South Carolina lawmakers need to put the health of our residents first by banning flavors in e-cigarettes. Right now, teenagers and adults in the Palmetto State smoke more than the national average. In addition, smoking is the leading cause of preventable death and puts smokers at a higher risk for heart disease and stroke.
Adolescents’ use of e-cigarettes, nicotine vapor devices, hookahs and small cigars has risen dramatically, threatening to erase decades of progress. Right now, 25,000 teenagers are using e-cigarettes in South Carolina.
With their colorful packaging and sweet, candy flavors, today’s flavored tobacco products are often hard to distinguish from the candy displays near which they are frequently placed in convenience stores. Because of the addictive nature of nicotine, experimentation with such products among youths and young adults is particularly troubling. This is a critical period for growth and development when the brain is especially susceptible and sensitive to the effects of nicotine. Studies have shown that e-cigarette use can lead to other forms of addiction. Evidence also shows that the younger a user starts smoking, the more likely he or she is to be a smoker for life.
As representatives of the American Heart Association, we believe banning the sale of flavors in e-cigarettes would reduce youth access to all nicotine products and their use. The ban also would significantly increase overall life expectancy and reduce health care costs. This crucial step is needed to continue building a healthier community.
American Heart Association Board Chair
American Heart Association
Johnnie Dodds Boulevard
As we approach the 30th anniversary of Hurricane Hugo and as we recover from Hurricane Dorian, it is a good time to stop and reflect on why Dorian or any impending hurricane threat is made into a big deal.
When Hugo hit the Lowcountry on Sept. 21-22, 1989, it was catastrophic to say the least. Thousands of people were left without power for days on end. Price gouging was rampant, as ice and gasoline were scarce, and supply trucks had great difficulty making deliveries.
I was a teenager at the time, but I will never forget the chaos and frustration many people felt.
My father ran a building supply store and worked endlessly without power to get much-needed lumber and other roofing materials to people while trying to make repairs to his shop.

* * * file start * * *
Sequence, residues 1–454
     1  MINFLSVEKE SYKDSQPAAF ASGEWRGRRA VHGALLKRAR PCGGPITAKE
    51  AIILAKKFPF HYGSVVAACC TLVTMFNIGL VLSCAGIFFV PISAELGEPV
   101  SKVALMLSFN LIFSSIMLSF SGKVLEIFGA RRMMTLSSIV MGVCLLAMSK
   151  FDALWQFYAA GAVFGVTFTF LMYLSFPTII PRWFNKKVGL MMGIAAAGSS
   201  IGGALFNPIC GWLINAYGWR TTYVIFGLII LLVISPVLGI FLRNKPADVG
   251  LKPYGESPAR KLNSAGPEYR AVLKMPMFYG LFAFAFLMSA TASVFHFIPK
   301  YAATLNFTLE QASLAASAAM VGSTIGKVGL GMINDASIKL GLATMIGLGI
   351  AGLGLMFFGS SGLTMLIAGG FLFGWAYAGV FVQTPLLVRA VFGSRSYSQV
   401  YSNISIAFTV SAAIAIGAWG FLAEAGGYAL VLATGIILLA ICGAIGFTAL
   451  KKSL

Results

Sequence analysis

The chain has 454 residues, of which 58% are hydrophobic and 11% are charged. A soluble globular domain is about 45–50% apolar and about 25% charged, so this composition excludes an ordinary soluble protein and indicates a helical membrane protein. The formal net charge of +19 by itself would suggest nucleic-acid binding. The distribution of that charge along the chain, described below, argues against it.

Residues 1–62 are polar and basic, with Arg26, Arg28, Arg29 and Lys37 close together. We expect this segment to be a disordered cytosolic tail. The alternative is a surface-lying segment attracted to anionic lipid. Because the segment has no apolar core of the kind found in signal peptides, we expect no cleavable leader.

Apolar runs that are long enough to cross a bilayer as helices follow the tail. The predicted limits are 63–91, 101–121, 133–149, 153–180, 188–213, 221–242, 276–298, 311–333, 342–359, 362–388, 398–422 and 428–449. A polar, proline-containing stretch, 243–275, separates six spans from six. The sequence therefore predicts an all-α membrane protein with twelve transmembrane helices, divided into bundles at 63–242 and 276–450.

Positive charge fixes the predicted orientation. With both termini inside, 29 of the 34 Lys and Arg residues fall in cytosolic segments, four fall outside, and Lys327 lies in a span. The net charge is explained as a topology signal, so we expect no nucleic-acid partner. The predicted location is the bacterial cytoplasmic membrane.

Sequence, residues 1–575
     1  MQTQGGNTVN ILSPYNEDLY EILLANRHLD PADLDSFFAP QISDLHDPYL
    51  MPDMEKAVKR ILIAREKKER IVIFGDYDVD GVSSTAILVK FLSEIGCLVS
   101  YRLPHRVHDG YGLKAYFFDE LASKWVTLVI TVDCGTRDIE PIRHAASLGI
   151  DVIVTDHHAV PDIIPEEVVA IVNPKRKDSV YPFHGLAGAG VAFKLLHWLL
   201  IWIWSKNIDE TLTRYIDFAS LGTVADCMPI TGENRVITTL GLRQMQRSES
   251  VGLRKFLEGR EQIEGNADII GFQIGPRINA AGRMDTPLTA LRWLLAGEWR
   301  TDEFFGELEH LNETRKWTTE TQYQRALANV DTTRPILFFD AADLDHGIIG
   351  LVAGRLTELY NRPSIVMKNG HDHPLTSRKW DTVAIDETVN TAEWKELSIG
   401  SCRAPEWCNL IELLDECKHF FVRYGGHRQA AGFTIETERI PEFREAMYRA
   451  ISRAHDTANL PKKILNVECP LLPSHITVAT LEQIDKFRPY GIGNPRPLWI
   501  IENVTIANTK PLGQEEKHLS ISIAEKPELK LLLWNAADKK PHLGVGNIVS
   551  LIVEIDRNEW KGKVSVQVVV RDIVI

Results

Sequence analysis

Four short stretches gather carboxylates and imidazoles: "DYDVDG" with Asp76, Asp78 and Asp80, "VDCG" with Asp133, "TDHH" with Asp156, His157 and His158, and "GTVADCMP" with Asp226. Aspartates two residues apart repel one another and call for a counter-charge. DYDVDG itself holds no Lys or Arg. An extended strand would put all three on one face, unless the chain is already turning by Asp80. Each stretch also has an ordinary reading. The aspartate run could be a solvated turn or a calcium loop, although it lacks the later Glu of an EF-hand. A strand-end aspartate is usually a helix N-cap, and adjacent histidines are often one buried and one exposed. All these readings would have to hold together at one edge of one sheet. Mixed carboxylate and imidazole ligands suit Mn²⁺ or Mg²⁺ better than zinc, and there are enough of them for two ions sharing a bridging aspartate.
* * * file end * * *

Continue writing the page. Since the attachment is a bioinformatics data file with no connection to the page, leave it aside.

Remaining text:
Even though the days were long and hard, I could see a new sense of community developing among neighbors.
Whenever I hear people complain and question the need to evacuate or make preparations for the storm, I and others who lived through the Hugo era understand how devastating a hurricane can be.
This is why I feel it is my responsibility and that of others who were around for Hugo to share their stories with young people or those who have recently moved here and may be unfamiliar with such storms.
I also encourage those who may not remember Hugo to go online and see some of the pictures of the effects Hugo had on many parts of the Lowcountry.
Preparation, attentiveness and a strong dose of common sense are needed when it comes to dealing with a hurricane. That’s all a part of the lessons and legacy of Hurricane Hugo.
I read with a mixture of admiration and sadness the splendid Post and Courier feature on the dilemma facing the Santee Delta.
I admired the articles because they clearly illustrated why the unblemished delta is as important as it is. I was saddened at the thought that such a place could be defiled to suit the needs of expediency.
I worked on the delta for more than two decades, patrolling its rivers and its many creeks, rice fields, islands and woodlands. I shared the experience with a variety of people from every age group and state of grace, being rewarded by their continuous amazement and absorption in the landscape and uninterrupted horizon.
Now come the vandals in the form of utility companies whose cultural vision is for every view corridor to have massive poles and wires as their focal point.
Rather than trying to be gentle on this wonderful landscape, they want to make it easy on themselves and deface an important part of our coastline by building in a straight line for all to see, regardless of public sentiment.
This insult to the people of South Carolina should never be allowed to happen, and all good people who value our open coastal views should loudly protest any further continuation of this unfortunate scheme.
BEN McC. MOISE